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Experimental and Numerical Analysis of a Coupled Fluid-Structure Subjected to Dynamic Acceleration

[+] Author Affiliations
Jean-François Sigrist

DCN Propulsion, La Montagne, France

Vincent Conessa

CEA/CESTA, Bordeaux, France

Paper No. PVP2005-71188, pp. 73-81; 9 pages
  • ASME 2005 Pressure Vessels and Piping Conference
  • Volume 4: Fluid Structure Interaction
  • Denver, Colorado, USA, July 17–21, 2005
  • Conference Sponsors: Pressure Vessels and Piping Division
  • ISBN: 0-7918-4189-8 | eISBN: 0-7918-3763-7
  • Copyright © 2005 by ASME


The present paper deals with a numerical and experimental study carried out on a coupled fluid/structure system subjected to an imposed dynamic acceleration. The coupled system is an clamped/free elastic cylinder surrounded by a heavy, incompressible fluid, contained in a concentric rigid tank, with a fluid free surface. The whole system is subjected to a transverse imposed motion, characterized by a short time duration (∼ 10 ms) and a large acceleration amplitude (∼ 400 m/s2 ). The principle of the study lies on both an experimental and numerical approach of the problem. This analysis is carried out in order to better understand the dynamic of the coupled system, with industrial application related to the design of embarked naval propulsion nuclear structure. From the numerical point of view, several approaches of the coupled problem are proposed: linear and non linear model are exposed, and various numerical techniques are developed. Strong coupling techniques based on finite element or boundary element are coupled to solve the linear model. Weak coupling techniques are developed to solve the non linear problem. In such technique, the numerical resolution is based on a finite volume method for the fluid problem and finite element method for the structure problem. The fluid and structure problems can be coupled with a staggered explicit or implicit algorithm. From the experimental point of view, a experimental system is designed on a shock table. Structural data (such as displacement, acceleration) are recorded with accelerometers and displacement sensors, fluid data (such as pressure and free surface motion) are recorded with pressure gauge and high-speed numerical camera.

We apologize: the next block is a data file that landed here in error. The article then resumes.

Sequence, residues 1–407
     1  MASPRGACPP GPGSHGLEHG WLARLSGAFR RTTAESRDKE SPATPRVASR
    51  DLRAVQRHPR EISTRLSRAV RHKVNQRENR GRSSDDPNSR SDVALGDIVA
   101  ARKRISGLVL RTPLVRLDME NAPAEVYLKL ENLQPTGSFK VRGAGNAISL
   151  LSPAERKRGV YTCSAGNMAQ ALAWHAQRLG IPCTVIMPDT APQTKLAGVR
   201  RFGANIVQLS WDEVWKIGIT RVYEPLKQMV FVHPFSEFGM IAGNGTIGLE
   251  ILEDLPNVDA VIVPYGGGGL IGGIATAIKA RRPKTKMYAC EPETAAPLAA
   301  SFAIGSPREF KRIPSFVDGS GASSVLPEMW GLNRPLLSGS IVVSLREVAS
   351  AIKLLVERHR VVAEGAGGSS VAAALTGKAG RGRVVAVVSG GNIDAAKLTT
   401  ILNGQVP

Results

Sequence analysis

Copyright © 2005 by ASME



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